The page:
What is Possible?

Possible is a non-profit organization that aims to build an effective healthcare system that integrates government hospitals and clinics with a network of community health workers to deliver high-quality healthcare from hospital to home in low-resource settings.

What is NepalEHR?

NepalEHR is a tool that connects the various pieces of a healthcare system (facility-based care, community healthcare, logistics, administration, pharmacy, lab, etc) to ensure that clinicians and administrators have the information they need to provide the best care to their patients with the available resources. It is an integrated implementation of hospital-based (Bahmni), community-based (Commcare), and data visualization (DHIS2) tools configured to meet Nepal’s healthcare system needs.

Where are the NepalEHR implementations?

Bayalpata Hospital, Achham, Nepal: Since February 2015 Charikot Hospital: Since 2016 Nuwakot Hospital (Potential)

What is the difference between Bahmni and NepalEHR?

NepalEHR builds upon the strengths of Bahmni to integrate additional components (like Commcare and DHIS2) to create a more holistic healthcare system tool adapted to an Nepal’s healthcare system.


What does it cost to implement NepalEHR?

Depending on multiple factors like size of facility, number of providers and range of services provided, the implementation size and costs can vary. The initial implementation costs at the 30-bed Charikot hospital was about $40K, including all hardware costs. Ongoing costs are much smaller as the bulk of the cost is capital expenditure.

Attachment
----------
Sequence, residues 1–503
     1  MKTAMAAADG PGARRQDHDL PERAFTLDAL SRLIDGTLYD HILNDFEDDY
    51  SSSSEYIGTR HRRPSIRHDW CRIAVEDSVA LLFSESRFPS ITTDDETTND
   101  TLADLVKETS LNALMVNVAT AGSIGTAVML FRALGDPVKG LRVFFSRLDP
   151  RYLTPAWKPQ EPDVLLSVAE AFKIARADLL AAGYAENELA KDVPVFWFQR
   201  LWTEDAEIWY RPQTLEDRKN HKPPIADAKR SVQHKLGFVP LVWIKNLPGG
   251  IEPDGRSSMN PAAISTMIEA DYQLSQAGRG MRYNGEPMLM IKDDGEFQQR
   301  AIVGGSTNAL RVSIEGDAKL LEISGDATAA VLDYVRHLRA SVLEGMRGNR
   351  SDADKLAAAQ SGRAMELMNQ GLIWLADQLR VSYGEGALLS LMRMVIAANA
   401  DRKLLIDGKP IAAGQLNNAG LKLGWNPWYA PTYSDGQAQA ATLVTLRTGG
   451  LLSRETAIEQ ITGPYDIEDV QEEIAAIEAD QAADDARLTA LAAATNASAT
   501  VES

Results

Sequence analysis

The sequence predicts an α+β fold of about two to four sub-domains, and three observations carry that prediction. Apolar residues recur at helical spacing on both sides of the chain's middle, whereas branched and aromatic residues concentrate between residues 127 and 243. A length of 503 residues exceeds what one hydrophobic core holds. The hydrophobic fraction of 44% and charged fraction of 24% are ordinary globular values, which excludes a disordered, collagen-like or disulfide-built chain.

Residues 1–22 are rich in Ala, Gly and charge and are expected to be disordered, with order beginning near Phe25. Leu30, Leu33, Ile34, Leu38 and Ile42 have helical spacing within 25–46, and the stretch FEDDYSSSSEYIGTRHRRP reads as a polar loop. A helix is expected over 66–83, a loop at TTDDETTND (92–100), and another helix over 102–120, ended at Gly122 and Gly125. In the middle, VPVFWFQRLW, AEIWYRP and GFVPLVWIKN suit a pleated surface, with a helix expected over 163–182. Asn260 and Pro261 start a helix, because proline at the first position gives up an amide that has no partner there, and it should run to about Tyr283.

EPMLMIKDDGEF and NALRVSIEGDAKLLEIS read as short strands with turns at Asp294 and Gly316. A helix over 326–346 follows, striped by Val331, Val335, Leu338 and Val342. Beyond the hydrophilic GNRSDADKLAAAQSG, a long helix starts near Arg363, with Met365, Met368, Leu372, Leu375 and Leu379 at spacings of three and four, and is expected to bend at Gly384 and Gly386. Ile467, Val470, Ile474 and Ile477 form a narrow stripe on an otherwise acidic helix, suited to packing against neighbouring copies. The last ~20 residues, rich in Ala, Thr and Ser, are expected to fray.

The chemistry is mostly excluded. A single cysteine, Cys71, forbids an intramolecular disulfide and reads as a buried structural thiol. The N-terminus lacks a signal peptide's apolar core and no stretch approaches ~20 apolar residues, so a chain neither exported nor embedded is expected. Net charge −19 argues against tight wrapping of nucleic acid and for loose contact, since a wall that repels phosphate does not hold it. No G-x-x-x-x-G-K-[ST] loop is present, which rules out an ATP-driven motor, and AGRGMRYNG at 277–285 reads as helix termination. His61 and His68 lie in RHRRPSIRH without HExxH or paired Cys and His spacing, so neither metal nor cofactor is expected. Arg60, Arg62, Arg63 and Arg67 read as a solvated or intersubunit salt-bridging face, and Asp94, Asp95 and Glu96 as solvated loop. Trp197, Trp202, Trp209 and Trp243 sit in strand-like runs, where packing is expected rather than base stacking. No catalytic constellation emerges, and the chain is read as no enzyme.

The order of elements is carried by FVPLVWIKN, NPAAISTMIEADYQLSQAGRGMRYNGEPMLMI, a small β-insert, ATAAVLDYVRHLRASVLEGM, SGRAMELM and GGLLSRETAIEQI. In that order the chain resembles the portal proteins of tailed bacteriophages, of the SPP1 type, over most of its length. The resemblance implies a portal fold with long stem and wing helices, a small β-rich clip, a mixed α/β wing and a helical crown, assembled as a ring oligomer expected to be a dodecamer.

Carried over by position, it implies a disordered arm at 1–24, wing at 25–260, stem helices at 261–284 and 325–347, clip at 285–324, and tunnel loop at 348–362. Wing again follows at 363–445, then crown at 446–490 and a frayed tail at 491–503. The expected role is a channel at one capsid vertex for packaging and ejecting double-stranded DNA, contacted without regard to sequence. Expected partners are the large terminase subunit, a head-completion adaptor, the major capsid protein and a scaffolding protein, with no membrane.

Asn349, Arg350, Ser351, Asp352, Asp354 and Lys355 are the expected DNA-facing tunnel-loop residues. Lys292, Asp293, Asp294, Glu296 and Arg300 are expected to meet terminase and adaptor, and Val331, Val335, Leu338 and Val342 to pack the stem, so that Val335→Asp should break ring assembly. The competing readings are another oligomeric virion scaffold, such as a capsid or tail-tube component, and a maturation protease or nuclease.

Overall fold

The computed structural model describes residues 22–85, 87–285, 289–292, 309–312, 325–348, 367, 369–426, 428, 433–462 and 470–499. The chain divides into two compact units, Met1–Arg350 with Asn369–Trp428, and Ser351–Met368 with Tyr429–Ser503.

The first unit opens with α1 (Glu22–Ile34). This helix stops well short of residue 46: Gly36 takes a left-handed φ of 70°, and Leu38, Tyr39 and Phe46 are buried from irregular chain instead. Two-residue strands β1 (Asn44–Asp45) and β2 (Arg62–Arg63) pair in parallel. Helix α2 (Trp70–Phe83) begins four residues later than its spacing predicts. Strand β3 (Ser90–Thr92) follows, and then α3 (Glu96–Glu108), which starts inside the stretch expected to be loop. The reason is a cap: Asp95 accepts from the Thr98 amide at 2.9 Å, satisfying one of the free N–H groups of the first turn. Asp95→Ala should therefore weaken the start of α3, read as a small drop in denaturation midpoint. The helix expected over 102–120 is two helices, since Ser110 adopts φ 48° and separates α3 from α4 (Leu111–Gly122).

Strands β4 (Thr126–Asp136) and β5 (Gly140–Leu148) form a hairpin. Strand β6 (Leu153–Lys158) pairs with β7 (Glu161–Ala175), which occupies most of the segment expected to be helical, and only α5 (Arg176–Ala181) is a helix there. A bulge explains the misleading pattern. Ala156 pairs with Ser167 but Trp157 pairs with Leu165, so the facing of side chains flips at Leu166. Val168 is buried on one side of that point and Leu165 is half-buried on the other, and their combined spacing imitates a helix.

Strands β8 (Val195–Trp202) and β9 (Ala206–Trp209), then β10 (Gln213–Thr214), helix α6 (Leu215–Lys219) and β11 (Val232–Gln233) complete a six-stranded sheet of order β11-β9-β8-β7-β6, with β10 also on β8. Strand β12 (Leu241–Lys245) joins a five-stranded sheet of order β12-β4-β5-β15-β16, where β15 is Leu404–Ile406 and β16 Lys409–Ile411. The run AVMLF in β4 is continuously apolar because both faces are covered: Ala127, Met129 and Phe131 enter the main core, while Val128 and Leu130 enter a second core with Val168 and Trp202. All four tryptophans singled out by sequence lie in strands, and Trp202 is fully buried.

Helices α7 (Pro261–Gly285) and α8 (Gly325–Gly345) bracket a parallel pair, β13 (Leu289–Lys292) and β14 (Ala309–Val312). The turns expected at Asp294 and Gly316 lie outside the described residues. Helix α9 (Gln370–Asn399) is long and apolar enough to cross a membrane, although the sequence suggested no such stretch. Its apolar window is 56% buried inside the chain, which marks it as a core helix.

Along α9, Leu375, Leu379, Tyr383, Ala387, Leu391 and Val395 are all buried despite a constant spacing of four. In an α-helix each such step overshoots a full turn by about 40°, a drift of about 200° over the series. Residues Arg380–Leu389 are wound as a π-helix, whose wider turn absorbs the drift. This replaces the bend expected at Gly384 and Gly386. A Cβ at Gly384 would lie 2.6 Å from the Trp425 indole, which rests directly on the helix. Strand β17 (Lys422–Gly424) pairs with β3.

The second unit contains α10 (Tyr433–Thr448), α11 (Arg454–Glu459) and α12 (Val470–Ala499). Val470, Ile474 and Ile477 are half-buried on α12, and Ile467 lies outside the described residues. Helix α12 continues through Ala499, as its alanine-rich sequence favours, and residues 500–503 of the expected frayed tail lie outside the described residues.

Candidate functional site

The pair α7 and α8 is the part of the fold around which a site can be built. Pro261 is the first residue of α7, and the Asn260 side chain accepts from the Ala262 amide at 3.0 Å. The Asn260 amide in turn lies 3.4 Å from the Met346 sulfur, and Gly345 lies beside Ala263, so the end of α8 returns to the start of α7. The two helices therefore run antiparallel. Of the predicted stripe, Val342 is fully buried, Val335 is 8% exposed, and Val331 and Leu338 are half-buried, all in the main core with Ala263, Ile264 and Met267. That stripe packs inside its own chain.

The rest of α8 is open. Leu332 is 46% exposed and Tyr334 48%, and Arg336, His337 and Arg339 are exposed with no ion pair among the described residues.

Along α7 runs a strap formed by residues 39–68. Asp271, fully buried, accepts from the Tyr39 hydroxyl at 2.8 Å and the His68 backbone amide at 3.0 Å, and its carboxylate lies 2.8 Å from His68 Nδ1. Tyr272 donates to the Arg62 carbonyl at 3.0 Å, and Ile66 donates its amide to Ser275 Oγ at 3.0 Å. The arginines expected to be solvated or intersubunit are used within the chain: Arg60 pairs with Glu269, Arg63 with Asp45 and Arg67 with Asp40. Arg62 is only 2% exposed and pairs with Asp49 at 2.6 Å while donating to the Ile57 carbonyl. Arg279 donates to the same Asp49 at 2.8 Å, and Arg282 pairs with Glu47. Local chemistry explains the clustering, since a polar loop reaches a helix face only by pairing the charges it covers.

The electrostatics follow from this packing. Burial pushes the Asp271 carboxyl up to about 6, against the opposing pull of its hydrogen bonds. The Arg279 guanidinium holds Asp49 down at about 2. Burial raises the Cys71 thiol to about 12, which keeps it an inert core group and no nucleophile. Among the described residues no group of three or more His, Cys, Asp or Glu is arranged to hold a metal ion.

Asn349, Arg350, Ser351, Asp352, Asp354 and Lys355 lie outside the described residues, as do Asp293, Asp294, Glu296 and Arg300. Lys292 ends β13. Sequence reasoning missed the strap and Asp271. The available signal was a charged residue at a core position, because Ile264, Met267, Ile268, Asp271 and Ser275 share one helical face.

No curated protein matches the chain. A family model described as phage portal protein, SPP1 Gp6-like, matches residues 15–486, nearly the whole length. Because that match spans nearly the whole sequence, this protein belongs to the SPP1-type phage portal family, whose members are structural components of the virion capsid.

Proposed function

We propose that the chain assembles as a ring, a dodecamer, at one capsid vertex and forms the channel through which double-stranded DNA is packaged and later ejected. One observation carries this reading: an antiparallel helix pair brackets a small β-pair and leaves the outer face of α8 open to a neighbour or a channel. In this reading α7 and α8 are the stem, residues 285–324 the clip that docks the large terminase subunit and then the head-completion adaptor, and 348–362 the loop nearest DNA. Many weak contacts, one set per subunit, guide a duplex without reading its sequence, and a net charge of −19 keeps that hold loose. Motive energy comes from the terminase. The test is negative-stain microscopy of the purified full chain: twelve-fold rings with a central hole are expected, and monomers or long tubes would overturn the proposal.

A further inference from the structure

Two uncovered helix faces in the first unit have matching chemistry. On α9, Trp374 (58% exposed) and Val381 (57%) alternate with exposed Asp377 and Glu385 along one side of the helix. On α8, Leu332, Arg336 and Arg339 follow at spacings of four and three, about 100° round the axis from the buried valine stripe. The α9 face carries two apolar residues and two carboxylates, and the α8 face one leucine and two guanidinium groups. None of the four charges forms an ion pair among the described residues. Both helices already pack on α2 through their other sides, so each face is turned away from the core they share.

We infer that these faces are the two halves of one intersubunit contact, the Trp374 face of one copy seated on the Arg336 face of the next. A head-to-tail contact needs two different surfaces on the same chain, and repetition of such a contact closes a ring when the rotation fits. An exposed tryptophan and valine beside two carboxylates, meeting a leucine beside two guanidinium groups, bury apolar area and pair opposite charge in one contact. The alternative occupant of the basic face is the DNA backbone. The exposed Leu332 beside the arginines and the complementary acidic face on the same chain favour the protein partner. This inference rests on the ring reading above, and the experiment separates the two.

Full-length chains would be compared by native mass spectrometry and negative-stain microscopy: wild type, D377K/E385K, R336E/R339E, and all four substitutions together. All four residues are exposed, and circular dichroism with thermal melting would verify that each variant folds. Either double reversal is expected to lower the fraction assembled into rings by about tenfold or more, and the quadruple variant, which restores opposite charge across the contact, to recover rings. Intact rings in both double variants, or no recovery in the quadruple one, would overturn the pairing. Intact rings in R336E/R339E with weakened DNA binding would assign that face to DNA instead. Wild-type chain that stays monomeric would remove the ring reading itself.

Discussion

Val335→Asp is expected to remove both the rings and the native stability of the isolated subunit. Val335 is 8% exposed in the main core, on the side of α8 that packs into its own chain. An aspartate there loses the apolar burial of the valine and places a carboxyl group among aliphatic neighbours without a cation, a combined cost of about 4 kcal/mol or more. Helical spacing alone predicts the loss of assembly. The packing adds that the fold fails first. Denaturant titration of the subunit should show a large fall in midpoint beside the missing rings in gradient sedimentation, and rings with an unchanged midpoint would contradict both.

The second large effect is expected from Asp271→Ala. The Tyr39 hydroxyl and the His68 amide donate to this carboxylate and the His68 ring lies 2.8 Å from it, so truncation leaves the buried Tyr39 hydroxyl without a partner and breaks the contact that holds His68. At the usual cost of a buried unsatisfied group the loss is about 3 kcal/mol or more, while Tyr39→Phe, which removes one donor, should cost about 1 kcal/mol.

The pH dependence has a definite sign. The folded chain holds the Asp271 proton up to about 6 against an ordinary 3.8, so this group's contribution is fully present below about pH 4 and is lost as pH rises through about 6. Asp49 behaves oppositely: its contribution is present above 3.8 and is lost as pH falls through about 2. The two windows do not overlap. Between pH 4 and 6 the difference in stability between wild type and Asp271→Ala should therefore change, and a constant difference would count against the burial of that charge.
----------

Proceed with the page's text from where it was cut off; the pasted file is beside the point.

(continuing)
How do you deal with power issues in remote settings?

Due to unreliable power supply from the national grid, we ensure adequate power through use of solar panels and inverters.

Will you need an expert to maintain it?

With some training, anyone with basic IT training can handle everyday issues at the remote sites - support for complex issues can be provided remotely by a central support team.

Is the system secure?

NepalEHR’s underlying OpenMRS system uses industry standard protocols, and a role-based access control system. At the current implementations, the EHR is only accessible from the internet via secure VPN, as all implementations are setup in an internal network behind firewalls.